The influence of the Moravians on the history of the trombone has been widely documented. For entries in the timeline, for example, see 1754, 1760, 1763, 1765, 1767, 1768, 1770, 1771, 1781, 1783, 1822, 1874, 1903, and 1944. More entries will undoubtedly be forthcoming as I continue to add to the timeline. I recently added two new images related to the Moravian trombone tradition in Bethlehem, Pennsylvania, to the timeline. Both are from the periodical Harper’s Weekly. The first shows Moravian trombonists taking part in funeral services, while the second shows a group of trombonists playing from a belfry, announcing the beginning of a music festival. I’ve also included, below those, a set of photographs of Moravian trombonists from Bethlehem, PA, that I posted in the 20th Century timeline and an earlier blog entry.
1874—Bethlehem, Pennsylvania: The Moravians at Bethlehem, Pennsylvania, an engraving by Alfred Waud published in Harper’s Weekly, depicts trombone ensembles performing from a church tower (“Funeral Notes”) and at a graveside service (“Burial Service”) (see above detail; public domain) (Harper’s Weekly, 1874, Issue 4/18, p. 346).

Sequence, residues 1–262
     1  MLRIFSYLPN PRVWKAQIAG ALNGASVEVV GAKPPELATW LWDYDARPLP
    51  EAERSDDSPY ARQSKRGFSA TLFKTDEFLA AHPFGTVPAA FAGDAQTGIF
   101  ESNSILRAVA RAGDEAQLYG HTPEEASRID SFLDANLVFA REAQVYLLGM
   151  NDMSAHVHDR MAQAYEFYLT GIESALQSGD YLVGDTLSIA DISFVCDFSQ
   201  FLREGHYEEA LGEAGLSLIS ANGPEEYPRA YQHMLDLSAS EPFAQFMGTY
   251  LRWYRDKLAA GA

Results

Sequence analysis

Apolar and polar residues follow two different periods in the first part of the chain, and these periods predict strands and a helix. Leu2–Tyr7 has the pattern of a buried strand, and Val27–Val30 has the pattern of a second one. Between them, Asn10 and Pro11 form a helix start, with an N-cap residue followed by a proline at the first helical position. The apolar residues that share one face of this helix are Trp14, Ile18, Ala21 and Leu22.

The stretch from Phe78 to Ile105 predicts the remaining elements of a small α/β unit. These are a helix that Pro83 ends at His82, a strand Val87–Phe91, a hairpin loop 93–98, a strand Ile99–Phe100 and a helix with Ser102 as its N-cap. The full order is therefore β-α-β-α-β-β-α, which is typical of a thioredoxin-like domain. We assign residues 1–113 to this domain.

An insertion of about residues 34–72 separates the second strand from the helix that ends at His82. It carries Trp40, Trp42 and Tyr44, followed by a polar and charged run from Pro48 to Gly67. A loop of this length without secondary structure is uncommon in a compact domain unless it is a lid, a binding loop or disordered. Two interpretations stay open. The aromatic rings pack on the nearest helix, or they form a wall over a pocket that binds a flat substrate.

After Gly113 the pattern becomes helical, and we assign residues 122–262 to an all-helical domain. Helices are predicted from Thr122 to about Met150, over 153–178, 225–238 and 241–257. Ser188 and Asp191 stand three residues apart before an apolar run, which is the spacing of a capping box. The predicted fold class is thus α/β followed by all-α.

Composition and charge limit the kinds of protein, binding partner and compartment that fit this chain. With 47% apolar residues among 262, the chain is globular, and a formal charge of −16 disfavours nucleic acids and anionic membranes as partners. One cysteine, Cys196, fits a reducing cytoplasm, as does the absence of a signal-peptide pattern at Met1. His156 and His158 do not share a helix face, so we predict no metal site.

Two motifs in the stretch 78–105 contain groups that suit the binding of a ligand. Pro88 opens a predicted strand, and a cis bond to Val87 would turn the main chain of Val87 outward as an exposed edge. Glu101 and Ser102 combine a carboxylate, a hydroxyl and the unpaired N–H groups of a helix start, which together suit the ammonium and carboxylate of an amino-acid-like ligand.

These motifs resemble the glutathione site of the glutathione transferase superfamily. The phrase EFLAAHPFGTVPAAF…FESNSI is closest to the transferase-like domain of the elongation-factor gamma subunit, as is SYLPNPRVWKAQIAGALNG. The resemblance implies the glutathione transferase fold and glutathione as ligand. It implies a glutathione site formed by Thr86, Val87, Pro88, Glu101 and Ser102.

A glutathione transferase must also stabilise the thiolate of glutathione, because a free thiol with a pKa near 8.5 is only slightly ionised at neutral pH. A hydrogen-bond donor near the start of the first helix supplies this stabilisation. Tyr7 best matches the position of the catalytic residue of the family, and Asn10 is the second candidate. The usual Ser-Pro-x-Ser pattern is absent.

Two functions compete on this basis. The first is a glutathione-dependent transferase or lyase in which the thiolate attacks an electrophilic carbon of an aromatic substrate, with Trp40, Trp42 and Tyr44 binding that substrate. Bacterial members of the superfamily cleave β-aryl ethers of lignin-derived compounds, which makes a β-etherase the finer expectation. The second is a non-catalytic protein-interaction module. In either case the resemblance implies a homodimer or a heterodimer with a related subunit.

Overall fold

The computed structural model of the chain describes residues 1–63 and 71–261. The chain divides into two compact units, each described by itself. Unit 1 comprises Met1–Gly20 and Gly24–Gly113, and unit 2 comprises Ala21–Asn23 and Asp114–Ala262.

1903—Bethlehem, Pennsylvania: Harper’s Weekly publishes an engraving depicting a trombone ensemble performing from a church tower at the beginning of the city’s famous Bach festival. The caption reads, “The Trombone Choir: Announcing the beginning of the performances from the belfry” (see above image; public domain) (Harper’s Weekly, 1903, Issue 5/16, p. 800).
Taken by Howard R. Hollem, the above 3 photographs date from 1944 and bear the title “The Moravian trombone choir which plays chorales before the opening of each performance of the Bach choir.” They belong to the American Memory collection of the Library of Congress.